If you are curious, Wikipedia has a pretty good article titled “List of Presidents of the United States.” It includes lots of presidential trivia. I love historical trivia. It’s those little twists and turns which change destiny.

Maybe next year I’ll buy a car. That’s what real, red-blooded Americans do on President’s Day. And, as everyone knows, I’m a traditionalist.

GATHER YE ROSEBUDS

If you think getting old today is a bummer, imagine when really old was 45, and 50 was ancient. Rulers of kingdoms acted like spoiled teenagers because they were spoiled teenagers.

Gather Ye Rosebuds -2

During the 14th century (1300s) — the worst of the Black Plague years — many of the warring monarchs were not yet out of their teens. Fifteen, sixteen, seventeen year-old kings waging war. Hormonal tyrants, the anointed of God, doing whatever they wanted (unless they got so far out of hand that their own family did them in).

So, my friends, gather ye rosebuds while ye may. Time is still a-flying.

Robert Herrick was a 17th-century English poet and cleric, best known for his poem To the Virgins, To Make Much of Time, generally know by its first line Gather ye rosebuds while ye may.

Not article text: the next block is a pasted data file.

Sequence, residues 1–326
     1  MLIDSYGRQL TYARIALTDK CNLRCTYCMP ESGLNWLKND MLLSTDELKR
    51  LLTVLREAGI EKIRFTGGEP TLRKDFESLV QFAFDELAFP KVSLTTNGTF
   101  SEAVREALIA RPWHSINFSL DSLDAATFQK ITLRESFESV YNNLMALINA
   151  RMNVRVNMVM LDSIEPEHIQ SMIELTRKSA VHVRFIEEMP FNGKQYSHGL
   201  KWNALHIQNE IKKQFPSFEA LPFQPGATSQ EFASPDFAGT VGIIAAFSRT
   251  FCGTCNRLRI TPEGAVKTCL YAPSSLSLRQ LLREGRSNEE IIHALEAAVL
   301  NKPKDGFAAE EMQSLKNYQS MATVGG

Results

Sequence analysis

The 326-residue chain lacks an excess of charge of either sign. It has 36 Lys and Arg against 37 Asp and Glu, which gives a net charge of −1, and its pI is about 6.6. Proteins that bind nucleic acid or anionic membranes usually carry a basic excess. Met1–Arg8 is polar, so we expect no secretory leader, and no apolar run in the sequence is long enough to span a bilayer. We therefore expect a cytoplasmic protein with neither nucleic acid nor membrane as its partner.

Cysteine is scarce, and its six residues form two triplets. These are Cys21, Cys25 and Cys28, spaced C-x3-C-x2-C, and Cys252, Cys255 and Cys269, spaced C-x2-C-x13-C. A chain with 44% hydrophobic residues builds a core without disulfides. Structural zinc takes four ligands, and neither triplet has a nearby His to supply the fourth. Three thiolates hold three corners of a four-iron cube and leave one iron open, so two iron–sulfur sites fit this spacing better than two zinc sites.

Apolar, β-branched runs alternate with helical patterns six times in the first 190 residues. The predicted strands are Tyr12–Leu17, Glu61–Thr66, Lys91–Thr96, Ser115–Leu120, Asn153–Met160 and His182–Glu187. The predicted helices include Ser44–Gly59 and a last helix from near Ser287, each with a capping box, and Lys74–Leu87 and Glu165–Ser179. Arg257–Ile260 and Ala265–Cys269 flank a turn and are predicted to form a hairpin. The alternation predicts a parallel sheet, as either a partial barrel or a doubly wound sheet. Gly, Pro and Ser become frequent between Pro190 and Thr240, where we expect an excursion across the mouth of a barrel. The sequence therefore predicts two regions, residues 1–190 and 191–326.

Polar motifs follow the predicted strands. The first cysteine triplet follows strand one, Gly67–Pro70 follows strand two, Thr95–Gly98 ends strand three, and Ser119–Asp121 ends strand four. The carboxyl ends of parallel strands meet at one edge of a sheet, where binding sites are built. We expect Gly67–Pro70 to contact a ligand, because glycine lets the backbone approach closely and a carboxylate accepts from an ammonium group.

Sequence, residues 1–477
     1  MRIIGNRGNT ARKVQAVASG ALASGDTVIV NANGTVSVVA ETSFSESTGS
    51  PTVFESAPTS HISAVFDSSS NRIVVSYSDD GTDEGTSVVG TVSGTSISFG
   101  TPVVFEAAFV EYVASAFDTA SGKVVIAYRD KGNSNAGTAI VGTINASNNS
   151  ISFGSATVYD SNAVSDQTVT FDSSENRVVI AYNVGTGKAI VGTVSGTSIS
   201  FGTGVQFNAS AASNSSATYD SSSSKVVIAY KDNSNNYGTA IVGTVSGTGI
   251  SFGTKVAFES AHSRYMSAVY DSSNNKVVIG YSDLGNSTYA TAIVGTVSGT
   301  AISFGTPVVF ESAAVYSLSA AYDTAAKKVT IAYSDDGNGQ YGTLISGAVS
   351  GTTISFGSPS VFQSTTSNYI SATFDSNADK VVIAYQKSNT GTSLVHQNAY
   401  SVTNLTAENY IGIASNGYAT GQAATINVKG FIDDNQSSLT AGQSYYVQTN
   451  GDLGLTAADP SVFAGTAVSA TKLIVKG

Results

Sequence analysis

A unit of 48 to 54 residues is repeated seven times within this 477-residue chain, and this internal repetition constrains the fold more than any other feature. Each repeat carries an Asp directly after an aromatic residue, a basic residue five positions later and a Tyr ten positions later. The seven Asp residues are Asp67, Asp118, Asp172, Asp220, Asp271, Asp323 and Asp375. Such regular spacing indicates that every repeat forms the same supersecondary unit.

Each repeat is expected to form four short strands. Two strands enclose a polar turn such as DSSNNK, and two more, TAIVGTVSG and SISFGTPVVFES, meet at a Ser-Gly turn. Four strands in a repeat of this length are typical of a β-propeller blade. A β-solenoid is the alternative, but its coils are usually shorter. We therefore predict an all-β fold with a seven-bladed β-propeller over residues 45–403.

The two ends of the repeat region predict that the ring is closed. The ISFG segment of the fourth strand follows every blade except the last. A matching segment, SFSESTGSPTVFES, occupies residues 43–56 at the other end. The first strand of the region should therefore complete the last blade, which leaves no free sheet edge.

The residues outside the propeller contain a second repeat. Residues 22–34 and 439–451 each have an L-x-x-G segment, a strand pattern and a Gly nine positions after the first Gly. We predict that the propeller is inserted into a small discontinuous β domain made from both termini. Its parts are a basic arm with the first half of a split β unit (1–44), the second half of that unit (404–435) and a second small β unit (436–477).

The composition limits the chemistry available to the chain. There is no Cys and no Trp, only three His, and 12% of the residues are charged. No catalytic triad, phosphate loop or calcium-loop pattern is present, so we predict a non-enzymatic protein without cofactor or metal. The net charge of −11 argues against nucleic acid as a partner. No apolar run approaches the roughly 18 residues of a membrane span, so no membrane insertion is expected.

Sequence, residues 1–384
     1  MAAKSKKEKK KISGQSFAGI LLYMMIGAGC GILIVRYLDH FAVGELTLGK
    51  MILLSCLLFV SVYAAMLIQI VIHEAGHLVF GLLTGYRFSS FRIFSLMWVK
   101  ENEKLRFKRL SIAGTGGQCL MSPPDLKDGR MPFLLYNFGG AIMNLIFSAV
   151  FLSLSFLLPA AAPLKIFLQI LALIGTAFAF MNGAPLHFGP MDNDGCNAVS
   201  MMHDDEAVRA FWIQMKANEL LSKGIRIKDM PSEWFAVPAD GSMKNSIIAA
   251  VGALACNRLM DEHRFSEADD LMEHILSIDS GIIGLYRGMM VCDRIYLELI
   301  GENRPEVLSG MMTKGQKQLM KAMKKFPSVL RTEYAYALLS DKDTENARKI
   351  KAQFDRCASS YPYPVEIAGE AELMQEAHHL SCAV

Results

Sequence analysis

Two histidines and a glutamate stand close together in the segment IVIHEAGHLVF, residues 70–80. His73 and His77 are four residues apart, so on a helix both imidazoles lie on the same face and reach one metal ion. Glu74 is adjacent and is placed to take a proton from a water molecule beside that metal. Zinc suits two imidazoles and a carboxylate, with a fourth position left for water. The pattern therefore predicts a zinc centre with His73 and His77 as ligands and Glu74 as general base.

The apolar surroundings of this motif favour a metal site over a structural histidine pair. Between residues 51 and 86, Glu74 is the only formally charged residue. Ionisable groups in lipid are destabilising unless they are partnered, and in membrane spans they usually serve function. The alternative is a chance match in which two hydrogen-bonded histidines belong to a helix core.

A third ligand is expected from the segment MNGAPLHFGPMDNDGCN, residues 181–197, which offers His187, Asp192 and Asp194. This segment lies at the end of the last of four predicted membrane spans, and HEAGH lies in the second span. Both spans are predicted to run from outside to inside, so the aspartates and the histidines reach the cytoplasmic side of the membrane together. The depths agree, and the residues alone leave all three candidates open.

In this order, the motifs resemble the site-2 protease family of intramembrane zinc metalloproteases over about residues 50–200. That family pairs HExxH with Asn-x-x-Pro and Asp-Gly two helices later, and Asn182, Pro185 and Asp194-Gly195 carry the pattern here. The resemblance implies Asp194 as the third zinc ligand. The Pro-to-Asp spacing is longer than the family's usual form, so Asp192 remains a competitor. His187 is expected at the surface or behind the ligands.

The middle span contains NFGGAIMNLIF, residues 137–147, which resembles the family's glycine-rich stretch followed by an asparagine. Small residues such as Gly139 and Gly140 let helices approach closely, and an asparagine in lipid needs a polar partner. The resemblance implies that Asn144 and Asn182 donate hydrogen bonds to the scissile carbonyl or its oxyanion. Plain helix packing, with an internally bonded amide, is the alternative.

BLIZZARD OF 1978 – GARRY ARMSTRONG

There’s a big storm coming. How big? Hard to tell, but definitely a very substantial snow event. This seems to be the time of year when the biggest storms hit this region. About 37 years ago, when a storm began moving into eastern Massachusetts on the afternoon of Feb. 6, 1978, thousands of people were let out of work early to get home before the storm. But traffic was, as usual, heavy and the snow began falling at over an inch per hour. Soon more than 3,000 automobiles and 500 trucks were stranded in rapidly building snowdrifts along Rt. 128 (same as Route 95). Fourteen people died from carbon monoxide poisoning as they huddled in trapped cars.